Regarding capacity and capability of Nigeria, it exists even in abundance. However, public officials have a lackadaisical attitude to very serious problems that warrant urgent and dedicated attention. For instance, at the same Africa Today conference, many Ministers of government were invited to attend but did not. If the Ministers could not attend because their attention was also needed elsewhere, why were they not represented? Even when one of them was represented, the speech of the Minister was read and immediately after, the representative left the conference without bothering to know the viewpoint of the audience.
Under normal circumstance, in any intellectual meeting dealing with policy, the representative of the Minister must not only represent punctually but also actively participate from the beginning to the end of the meeting and submit an official report for documentation and future purposes. Most unfortunately, this is never the case with Nigerian officials. Consequently, it is quite difficult to suggest that Nigeria can easily take advantage of China’s good disposition towards her.
Again, on the issue of emerging rivalry between China and the US, it is very likely that Africa will be divided, one group supporting China and the other supporting the US. Nigeria is not likely to be the friend of one and the enemy of the other or vice versa. Both countries have strategic interests in Nigeria and there cannot but be need to maintain a balance of errors or terror, friendship or enmity on both sides. Sir Vince Cable has a useful point here: ‘although China looms very large in terms of trade and is a rapidly growing source of foreign investment, its stock of foreign investment in Africa is only around 5% of the total.
It has an embryonic and rapidly growing aid programme but it accounts for only around 4% of development assistance to Africa (but 12% of commercial loans.’ This means that the traditional allies are still more relevant than the Chinese. And true enough, Sir Vince Cable cannot be more correct if we remember that Africa’s development partners currently account for more than 90% of funding of Africa’s development projects. In spite of this, Africa currently believes more in the Chinese than in the Euro-American partners.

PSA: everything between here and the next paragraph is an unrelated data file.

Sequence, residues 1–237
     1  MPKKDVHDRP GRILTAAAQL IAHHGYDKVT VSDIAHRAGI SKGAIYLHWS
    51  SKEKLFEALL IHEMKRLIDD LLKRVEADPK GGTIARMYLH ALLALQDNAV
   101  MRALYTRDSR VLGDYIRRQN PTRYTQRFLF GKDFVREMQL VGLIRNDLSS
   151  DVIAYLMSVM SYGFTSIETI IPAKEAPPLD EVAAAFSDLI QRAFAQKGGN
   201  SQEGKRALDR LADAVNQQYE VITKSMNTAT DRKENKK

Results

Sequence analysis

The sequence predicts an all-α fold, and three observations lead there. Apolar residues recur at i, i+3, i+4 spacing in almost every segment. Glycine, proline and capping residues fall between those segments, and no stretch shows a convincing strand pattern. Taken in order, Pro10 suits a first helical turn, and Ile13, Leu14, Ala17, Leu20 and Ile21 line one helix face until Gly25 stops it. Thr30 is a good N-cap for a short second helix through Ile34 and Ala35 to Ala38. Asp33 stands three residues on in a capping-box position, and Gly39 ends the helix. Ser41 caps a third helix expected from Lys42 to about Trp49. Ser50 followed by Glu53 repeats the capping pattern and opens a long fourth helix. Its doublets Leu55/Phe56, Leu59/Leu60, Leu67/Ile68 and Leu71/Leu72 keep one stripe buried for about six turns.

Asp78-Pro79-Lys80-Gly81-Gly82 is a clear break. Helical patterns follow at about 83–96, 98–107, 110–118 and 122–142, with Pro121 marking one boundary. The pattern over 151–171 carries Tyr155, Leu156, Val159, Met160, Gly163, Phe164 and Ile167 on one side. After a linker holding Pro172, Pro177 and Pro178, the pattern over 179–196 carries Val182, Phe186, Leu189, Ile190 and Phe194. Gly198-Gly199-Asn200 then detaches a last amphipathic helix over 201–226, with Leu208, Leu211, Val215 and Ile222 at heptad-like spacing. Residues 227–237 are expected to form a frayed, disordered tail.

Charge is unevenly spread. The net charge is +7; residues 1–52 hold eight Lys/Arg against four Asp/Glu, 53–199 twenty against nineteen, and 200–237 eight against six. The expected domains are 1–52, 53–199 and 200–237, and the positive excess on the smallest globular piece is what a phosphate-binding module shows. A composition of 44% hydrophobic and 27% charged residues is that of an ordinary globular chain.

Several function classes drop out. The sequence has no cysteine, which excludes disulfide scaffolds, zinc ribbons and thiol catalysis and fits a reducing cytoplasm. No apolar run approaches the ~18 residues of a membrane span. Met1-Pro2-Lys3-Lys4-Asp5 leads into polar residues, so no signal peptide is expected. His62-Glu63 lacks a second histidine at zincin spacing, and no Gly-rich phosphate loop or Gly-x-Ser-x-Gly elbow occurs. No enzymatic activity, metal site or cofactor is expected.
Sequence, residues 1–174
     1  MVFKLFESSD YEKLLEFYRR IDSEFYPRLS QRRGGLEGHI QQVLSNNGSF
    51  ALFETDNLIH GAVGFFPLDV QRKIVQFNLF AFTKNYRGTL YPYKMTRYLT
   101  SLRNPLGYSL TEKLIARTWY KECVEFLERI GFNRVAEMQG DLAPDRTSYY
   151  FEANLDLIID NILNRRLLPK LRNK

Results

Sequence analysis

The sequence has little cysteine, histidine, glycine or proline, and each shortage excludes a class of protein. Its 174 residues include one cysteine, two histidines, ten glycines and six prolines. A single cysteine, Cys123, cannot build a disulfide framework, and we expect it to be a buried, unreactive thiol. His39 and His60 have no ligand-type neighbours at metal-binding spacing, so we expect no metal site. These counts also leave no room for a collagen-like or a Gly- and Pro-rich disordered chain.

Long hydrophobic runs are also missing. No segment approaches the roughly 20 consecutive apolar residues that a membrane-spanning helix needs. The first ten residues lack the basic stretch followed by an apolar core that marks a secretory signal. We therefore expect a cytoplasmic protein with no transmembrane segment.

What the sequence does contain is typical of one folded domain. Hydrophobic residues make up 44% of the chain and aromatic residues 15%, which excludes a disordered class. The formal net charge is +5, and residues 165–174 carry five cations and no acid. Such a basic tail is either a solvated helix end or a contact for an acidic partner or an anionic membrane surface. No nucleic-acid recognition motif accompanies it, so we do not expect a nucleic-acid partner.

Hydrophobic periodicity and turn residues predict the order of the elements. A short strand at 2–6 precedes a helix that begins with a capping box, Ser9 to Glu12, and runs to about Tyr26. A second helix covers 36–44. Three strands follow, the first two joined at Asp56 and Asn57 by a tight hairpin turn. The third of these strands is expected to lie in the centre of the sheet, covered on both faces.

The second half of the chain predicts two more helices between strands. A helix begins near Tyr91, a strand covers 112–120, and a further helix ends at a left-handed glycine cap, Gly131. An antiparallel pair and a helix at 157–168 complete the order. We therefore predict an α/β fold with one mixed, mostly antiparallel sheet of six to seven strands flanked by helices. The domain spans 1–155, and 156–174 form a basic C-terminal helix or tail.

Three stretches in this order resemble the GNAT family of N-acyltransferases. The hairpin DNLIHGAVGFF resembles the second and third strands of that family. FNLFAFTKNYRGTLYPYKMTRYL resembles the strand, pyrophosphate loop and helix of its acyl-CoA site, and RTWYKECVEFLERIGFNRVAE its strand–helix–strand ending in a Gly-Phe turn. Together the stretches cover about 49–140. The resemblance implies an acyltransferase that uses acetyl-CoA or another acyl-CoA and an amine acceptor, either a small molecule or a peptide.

As noted by the Chinese Ambassador to Nigeria, who was represented by the Deputy Chief of Mission at the conference, the Chinese ‘want transition from trade pattern that has so far been dominated by resource products to more investment and industrial cooperation.
By encouraging more Chinese businesses to invest in Africa, we want to help the continent accelerate its industrialization and boost its capacity for development.’ Perhaps more significantly, China ‘will firmly implement the policy of “sincerity, real results, affinity and good faith” towards Nigeria and Africa, uphold the correct viewpoint of righteousness and benefit, join hands with Nigeria for win-win cooperation and persist in planning and promoting bilateral relations from a strategic and long-term perspective.’ If we take a close look at this pronouncement, the seriousness and commitment of purpose is evident even if the Chinese might be playing politics with it. The truth is that African leaders appear to attach much importance to the policy statement.
The Chinese also appear to know how to manage their affairs better than the traditional partners in Africa, especially by always drawing attention to one African proverb or to their own. The African proverb is that if you want to walk fast, ‘go alone’ but if you want to go far ‘walk together’. This is precisely what the Chinese are doing, by particularly reconciling this with their own proverb, ‘when big rivers have water, the small ones are filled and when small rivers do not have water the big ones are dried up.’ This means one needs the two hands to rub one another if there is to be win-win cooperation.